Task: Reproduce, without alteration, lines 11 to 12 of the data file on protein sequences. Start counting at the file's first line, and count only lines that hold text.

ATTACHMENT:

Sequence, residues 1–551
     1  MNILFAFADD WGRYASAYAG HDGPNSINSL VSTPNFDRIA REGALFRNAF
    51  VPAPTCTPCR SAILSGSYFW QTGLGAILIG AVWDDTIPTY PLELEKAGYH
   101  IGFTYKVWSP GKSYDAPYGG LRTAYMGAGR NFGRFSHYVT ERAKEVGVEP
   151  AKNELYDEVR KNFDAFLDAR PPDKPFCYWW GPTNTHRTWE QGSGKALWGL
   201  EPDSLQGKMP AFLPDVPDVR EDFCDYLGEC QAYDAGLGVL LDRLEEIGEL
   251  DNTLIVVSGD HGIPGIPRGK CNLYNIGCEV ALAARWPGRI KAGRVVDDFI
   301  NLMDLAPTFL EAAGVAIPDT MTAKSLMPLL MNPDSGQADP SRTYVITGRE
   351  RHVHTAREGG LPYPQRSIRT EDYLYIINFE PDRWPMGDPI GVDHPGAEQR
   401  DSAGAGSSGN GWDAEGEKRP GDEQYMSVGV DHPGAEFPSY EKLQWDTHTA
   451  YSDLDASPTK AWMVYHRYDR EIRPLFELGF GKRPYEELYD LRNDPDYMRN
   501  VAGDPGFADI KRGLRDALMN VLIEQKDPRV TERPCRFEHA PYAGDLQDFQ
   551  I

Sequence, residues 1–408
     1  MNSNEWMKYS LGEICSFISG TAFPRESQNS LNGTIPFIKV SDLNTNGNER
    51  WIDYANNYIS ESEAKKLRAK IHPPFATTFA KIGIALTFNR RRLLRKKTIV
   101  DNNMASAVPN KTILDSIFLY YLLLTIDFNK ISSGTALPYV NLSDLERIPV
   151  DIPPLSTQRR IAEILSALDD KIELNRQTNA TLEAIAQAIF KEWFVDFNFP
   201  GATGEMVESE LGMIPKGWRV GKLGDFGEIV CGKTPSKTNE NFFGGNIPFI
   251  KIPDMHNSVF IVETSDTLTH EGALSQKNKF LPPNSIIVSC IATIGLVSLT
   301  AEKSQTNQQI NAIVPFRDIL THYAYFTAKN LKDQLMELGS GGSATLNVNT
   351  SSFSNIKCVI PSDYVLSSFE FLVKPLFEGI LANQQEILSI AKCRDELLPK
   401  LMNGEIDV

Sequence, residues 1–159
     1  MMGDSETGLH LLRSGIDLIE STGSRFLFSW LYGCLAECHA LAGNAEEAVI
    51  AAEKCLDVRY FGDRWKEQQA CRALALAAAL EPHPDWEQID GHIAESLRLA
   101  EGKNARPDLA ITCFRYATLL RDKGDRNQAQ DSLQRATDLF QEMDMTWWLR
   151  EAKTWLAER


   451  YSDLDASPTK AWMVYHRYDR EIRPLFELGF GKRPYEELYD LRNDPDYMRN
   501  VAGDPGFADI KRGLRDALMN VLIEQKDPRV TERPCRFEHA PYAGDLQDFQ